Here’s the situation: you make what looks to be the winning breakaway. But quickly you realize that if you keep working at the same pace you’re likely to be dropped from the break.
What do you do? Sit on and be a wheel-sucker, or continue to work and most likely get dropped?
This was the dilemma at the “G20 Summit Criterium” over in Pittsburgh. Early in the race, after chasing a couple of attacks I found myself in a 3-man break that included a guy (Clayton Barrows) who had good results at last week’s UCI-level Univest Grand Prix. That’s no Tuesday night training race. The other guy was Ruggery of Freddie Fu, another strong rider.
I knew I was in trouble from the beginning. I could feel that I hadn’t recovered enough from chasing the first couple attacks. I sat on at first and tried to recover. Then started to help. But after a few more laps I was having trouble following wheels on the uphill part of the course.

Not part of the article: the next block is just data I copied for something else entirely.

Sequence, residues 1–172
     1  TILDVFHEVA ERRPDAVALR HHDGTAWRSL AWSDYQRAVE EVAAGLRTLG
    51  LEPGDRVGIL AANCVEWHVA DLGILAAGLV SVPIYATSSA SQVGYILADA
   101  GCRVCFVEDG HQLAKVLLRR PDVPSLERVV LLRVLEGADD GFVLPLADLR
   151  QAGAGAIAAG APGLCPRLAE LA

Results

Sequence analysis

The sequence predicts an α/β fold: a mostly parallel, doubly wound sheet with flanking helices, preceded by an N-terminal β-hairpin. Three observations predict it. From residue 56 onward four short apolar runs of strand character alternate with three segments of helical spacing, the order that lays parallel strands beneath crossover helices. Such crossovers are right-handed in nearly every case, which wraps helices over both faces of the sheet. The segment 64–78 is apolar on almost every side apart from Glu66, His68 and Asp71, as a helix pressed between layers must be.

There are some who would say you should keep working. If you get dropped, well that just meant the other guys were stronger. But bike racing isn’t just about who is stronger. As I see it, getting dropped from the breakaway is a cardinal mistake. Especially when you have teammates back in the field working for you. The last thing they want to see is one of their jerseys going backwards.
So I stopped working. I don’t like doing that, and I know I’ve given other guys a hard time for it (yeah, that is part of racing too). The other 2 tried to get me to work, but I just said, “sorry, I can’t”. I was determined not to get dropped, if it was humanly possible.
And for a while, I wasn’t sure whether it was humanely possible. My hope was that the pace would ease up the closer we got to the end. Which it did, enough so that I started to help out again. After which Barrows attacked us and rode away solo to the finish. I didn’t contest the sprint for 2nd (though I don’t think it would have mattered even if I did).
Was it a satisfying result? Yes and no. No, because I don’t like not working in a break. But yes, because I avoided the worst case of getting dropped, and managed to get our team a spot on the podium. But I feel like I want to qualify the result by saying, “yeah, I was 3rd but I almost was dropped about 5 times … “